Can a 17 year old boy get car insurance without an adult?

UPDATED: Jan 7, 2013

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UPDATED: Jan 7, 2013Fact Checked

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Asked January 7, 2013

1 Answer

An auto insurance policy is a legally binding contract, and most laws prohibit someone under the age of 18 from entering into a legal agreement without the consent of an adult. The exception to this rule is when the 17 year old boy is emancipated, meaning he is responsible for his own financial welfare. In this case, a 17 year old could buy auto insurance, but would still pay the costs associated with getting car insurance for young drivers.

Teen drivers are recognized as the riskiest drivers on the roads, and the rates they are charged by insurance companies reflect that. In most cases, it would be far less expensive for a parent or guardian to add the teen driver to an existing auto insurance policy than it would be to pay for a policy for that driver. Since adding the teen to an existing policy modifies the risks involved, the increase in premiums is relatively low. This is because the insurance company is not insuring the vehicle solely as a teen's car, but as a car which is shared with the teen on a part-time basis. Even so, the original policy premiums could go up by double or more.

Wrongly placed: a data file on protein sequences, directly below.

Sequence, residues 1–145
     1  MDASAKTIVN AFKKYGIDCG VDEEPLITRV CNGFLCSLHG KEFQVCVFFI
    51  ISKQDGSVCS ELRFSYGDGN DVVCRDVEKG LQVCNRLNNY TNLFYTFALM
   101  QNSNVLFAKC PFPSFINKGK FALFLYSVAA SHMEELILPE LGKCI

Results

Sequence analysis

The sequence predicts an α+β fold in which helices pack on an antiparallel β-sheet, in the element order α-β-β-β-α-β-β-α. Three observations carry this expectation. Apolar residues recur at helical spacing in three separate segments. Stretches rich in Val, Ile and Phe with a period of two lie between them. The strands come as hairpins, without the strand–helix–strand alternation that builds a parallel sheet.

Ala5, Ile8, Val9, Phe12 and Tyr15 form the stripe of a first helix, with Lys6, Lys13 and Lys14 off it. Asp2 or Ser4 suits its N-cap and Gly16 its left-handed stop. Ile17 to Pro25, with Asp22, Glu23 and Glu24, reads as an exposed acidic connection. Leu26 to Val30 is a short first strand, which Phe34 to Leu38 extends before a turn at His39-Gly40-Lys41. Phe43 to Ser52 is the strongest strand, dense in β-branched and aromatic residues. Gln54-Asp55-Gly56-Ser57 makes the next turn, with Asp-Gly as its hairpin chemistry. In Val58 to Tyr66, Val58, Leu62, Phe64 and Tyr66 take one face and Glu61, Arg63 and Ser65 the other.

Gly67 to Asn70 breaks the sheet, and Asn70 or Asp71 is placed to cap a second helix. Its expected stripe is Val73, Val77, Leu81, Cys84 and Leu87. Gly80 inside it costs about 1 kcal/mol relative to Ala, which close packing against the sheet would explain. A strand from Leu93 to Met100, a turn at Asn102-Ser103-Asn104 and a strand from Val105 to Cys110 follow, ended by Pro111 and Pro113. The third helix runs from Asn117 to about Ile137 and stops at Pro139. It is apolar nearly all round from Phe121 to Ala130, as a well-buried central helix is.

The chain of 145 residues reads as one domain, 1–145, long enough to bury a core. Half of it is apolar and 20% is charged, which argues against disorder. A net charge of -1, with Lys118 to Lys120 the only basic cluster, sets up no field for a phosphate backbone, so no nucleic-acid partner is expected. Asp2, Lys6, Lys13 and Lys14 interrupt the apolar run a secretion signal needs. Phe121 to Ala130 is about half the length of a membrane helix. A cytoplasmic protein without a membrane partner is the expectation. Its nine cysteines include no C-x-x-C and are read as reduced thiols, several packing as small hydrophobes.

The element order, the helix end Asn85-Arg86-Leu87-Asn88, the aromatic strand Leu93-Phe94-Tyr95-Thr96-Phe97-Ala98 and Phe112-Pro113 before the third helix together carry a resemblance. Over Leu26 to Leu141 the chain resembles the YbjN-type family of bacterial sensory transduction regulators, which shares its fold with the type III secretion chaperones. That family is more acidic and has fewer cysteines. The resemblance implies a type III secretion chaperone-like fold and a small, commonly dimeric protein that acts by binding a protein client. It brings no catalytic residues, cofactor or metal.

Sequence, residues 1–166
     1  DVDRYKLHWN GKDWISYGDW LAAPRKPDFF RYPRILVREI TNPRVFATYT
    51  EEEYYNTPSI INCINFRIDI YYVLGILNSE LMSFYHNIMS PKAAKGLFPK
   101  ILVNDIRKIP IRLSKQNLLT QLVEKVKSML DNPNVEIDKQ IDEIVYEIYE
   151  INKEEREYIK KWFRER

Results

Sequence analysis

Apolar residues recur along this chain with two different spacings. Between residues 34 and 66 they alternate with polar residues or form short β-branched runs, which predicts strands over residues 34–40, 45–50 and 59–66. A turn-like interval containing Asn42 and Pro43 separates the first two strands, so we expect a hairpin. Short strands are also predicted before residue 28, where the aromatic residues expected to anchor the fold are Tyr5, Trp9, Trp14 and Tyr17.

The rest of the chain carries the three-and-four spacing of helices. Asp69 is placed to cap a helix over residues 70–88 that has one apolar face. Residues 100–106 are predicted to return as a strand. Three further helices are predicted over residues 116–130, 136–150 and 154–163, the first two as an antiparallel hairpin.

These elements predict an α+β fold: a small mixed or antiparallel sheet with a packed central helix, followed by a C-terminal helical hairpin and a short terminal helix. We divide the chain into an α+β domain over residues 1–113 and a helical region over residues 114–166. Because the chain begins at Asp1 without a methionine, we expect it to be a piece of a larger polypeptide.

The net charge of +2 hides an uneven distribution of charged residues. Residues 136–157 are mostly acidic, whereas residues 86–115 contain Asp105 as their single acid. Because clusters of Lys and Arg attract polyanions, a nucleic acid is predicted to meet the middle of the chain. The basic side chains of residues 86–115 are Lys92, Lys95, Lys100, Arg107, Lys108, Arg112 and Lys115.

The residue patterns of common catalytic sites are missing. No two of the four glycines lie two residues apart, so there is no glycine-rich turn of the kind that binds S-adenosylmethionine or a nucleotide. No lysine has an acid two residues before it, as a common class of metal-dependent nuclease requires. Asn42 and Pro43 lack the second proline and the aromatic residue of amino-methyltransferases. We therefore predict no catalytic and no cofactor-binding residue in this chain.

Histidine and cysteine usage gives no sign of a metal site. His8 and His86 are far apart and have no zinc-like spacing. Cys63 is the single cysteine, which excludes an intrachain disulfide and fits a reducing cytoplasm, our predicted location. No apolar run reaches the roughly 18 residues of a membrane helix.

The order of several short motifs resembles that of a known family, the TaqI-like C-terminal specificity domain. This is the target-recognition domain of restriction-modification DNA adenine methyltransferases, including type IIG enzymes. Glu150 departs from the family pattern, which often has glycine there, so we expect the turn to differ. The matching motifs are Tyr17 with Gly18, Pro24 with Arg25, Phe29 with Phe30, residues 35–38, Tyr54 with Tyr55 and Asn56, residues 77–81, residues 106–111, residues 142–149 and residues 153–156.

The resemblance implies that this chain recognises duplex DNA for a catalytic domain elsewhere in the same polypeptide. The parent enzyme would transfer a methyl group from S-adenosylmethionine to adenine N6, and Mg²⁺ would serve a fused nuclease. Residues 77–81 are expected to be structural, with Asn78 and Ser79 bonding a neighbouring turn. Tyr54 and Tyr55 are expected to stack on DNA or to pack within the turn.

An emancipated 17 year old boy would be able to purchase a car insurance policy directly, but since the car would also be registered to the teen, he would have to pay the full premiums for his age range and driving background. Premiums could be as high or higher than the cost of the car payments, especially after GAP coverage and all other requirements of the financing agent have been met.

If you must purchase a policy as a 17 year old, it will be financially important to qualify for as many discounts as possible. Look for discounts for taking a driver's education course, or ask about limited mileage discounts that lower your rates in exchange for keeping your driving time to a minimum. In addition to discounts, consider paying cash for an older vehicle, because that will allow you to drop comprehensive, collision, and GAP insurance coverage.

Answered January 7, 2013 by Anonymous

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